Silverbacks have released five singles to date and their sound reminds me of Talking Heads, Television and Parquet Courts. Latest single Pink Tide is a cracker, slightly tarnished by the Big Country guitar outro, and their other singles are also well worth a try – Just in the Band for example
Two more promising bands from the capital are Bullet Girl and Sprints. Bullet Girl have had two singles out so far – the Undertones/Buzzcocks influenced Wasted from 2018 and new single The Rush released earlier this month. Sprints have had just the one single to date Pathetic, which came out in April. Pathetic is a promising Breeders like debut, although there is obviously a lot of scope for them to refine their sound.
With this sweep of talent I’ve only really scratched the surface of the Irish music scene, and apologies to those bands that I haven’t mentioned. In some cases it’s probably ignorance on my part as I may not be aware be aware of your band – so feel free to make yourself known!
Guest Post by Peter Smith
If anyone tries to tell you there is no good music coming through, or that rap, grime and trap is the only stuff out there, tell them to go through the list of over 200 artists playing the Reading and Leeds festival at the end of this month.
There is such a variety of acts, through many different genres, and plenty to engage those of us with somewhat more traditional rock-based tastes. So here are just ten that caught my attention as I started working out my Clashfinder schedule and how I can get round about 70 bands over the three days, which is what I usually manage.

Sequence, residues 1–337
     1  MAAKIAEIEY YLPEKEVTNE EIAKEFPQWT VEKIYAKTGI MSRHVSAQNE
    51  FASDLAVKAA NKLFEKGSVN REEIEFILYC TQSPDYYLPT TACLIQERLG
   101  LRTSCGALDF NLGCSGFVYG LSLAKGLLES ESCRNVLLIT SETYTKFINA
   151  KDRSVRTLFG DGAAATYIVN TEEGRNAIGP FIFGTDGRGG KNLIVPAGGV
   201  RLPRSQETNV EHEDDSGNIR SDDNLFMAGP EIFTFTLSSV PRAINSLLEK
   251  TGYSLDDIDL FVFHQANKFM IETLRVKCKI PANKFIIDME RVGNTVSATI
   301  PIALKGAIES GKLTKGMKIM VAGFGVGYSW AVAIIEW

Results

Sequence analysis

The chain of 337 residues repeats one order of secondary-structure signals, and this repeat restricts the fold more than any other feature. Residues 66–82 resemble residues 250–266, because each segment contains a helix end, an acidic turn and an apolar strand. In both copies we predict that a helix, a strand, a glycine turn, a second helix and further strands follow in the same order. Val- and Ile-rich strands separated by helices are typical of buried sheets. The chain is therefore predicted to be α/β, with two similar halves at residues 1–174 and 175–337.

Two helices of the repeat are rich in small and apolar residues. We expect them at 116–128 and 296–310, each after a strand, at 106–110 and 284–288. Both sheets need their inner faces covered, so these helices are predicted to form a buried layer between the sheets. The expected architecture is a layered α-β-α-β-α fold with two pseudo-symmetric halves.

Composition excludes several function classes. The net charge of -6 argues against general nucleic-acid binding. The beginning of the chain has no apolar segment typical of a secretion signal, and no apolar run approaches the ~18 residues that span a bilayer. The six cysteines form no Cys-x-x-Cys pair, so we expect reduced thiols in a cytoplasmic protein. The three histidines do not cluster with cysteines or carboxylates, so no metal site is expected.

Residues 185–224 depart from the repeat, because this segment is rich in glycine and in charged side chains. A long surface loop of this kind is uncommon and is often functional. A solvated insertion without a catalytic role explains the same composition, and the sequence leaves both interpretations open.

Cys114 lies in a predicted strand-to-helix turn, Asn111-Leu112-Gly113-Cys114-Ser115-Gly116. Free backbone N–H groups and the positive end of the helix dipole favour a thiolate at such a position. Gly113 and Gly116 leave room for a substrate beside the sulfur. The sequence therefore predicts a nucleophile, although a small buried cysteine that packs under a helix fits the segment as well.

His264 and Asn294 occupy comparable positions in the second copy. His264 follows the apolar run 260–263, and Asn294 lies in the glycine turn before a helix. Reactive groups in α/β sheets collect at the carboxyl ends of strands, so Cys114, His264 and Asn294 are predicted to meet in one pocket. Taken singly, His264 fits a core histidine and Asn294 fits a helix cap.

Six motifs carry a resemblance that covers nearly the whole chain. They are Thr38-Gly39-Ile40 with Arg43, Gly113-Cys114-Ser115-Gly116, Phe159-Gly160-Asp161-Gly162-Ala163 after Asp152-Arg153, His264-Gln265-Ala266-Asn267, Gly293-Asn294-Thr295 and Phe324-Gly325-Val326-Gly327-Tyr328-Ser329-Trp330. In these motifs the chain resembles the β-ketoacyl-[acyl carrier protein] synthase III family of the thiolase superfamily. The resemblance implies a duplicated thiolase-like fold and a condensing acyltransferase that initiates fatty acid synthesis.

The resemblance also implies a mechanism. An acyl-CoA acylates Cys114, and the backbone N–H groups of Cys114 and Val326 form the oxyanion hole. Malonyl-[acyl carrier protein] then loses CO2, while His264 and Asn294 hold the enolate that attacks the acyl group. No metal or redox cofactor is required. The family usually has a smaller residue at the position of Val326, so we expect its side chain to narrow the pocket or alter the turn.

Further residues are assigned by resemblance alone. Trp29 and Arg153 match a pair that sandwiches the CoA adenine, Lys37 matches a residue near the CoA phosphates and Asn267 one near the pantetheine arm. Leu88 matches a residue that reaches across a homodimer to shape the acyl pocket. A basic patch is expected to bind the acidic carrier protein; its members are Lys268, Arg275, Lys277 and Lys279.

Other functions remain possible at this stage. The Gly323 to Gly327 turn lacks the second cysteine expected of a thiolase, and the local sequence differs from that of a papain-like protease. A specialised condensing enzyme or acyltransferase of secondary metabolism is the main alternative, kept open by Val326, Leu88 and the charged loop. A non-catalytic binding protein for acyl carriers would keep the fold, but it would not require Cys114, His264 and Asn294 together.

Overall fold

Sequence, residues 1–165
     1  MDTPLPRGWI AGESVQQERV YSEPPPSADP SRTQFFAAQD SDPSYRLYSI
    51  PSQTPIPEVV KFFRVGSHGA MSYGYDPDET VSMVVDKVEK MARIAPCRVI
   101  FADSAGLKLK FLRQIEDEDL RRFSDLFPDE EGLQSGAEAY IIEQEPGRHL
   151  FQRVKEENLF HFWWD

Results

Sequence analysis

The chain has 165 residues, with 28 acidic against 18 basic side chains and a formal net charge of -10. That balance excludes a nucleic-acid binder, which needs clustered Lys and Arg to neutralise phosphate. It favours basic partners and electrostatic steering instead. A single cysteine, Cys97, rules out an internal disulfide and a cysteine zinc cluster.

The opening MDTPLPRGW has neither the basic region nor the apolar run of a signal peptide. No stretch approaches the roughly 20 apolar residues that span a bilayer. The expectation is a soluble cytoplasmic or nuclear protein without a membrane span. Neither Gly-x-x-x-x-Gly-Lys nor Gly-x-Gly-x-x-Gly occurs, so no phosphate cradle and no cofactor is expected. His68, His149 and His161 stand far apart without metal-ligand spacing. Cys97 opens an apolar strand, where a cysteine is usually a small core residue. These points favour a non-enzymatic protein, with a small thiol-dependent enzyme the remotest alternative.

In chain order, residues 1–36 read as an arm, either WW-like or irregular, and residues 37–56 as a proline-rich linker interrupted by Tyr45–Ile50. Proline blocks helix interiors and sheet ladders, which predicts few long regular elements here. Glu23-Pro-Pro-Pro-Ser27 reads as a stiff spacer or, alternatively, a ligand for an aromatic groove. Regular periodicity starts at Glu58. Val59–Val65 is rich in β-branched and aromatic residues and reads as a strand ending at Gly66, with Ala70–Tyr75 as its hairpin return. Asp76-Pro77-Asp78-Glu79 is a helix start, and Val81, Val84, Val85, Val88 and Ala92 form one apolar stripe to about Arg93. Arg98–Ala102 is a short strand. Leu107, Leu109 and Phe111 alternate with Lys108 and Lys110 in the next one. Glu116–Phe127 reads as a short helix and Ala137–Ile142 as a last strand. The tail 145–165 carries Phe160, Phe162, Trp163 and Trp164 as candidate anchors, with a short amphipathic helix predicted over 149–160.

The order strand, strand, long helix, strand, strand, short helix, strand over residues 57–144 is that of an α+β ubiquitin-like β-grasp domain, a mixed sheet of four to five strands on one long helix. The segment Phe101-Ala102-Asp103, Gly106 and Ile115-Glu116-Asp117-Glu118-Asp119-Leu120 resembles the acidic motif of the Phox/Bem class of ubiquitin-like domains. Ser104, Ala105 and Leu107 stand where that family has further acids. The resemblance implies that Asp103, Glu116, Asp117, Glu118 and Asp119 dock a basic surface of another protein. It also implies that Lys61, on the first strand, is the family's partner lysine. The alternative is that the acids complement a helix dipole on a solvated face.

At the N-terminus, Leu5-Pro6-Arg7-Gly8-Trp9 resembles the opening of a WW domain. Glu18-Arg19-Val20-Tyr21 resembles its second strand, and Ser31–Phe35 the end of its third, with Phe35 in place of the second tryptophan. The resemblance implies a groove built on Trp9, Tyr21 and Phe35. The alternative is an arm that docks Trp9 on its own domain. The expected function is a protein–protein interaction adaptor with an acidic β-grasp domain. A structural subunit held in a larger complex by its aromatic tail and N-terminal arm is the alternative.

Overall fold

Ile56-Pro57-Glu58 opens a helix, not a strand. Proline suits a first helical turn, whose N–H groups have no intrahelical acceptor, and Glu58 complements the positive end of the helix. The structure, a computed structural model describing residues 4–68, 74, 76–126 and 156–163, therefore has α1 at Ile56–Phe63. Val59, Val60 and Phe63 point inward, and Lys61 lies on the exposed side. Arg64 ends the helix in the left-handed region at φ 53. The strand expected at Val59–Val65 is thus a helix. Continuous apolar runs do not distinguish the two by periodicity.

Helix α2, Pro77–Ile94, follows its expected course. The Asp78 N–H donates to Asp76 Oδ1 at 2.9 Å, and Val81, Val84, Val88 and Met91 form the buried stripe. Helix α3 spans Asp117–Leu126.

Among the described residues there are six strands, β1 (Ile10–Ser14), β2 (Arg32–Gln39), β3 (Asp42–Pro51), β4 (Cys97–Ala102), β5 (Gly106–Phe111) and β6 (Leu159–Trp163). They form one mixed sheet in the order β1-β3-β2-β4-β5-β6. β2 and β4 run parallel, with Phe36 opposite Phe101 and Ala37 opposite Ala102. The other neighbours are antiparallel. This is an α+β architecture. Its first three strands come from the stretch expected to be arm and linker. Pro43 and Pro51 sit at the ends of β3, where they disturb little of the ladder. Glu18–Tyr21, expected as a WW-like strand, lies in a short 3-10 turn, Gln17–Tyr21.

But let’s start with perhaps the weirdest act on the bill …
Poppy (sounds like everything from Shirley Temple to Slipknot)
Poppy is the “Andy Warhol of the internet generation”. Or maybe not. She is a young US singer, who hides her true self behind a “character” she plays, Poppy, a Barbie-type creation with an annoying little girl voice. But her album Am I a Girl is a surprisingly effective Lorde/ Taylor Swift electro-pop mix, and the 25 minutes of ICU on Spotify could almost be Brian Eno. Then Scary Mask starts out like the Carpenters, before turning into Slipknot… your guess is as good as mine in terms of what on earth she is going to do at Reading and Leeds! She’s on the metal / rock stage, so that might be a clue.
Anteros (Blondie, No Doubt)
If Anteros don’t make it with their own very enjoyable 1980s style pop/punk, then they can certainly do well as a Blondie tribute act. Lead singer Laura Hayden is also a model and could give Debbie Harry a run for her money in the looks department, and she can sing too. Songs are more than acceptable substitutes too ...
Cassia (early Vampire Weekend, Talking Heads, Graceland period Paul Simon)
Northern trio with a distinctive afro-beat sound, very summery, tuneful, and with occasional depths to the songs that certainly make them ones to watch. Their debut album exceeded my expectations and is one of the highlights of 2019 so far.
Kawala (Simon and Garfunkel, Jack Johnson)
This north London duo blend skilful harmonies, acoustic guitar and folk/pop tunes, but with touches of more contemporary rhythms and vibes to make a very pleasant noise that avoids MOR but will be great on a warm afternoon, we suspect!
Sophie and the Giants (Florence and the Machine, Maccabees)
Sheffield based indie pop with huge choruses, strong tunes and fronted by Sophie who has a great Florence (of Machine fame) type soul-tinged emotion-filled rock voice. This band really sounds like a major act in waiting – one song going viral will break them.
Sea Girls (U2, Bombay Bicycle Club)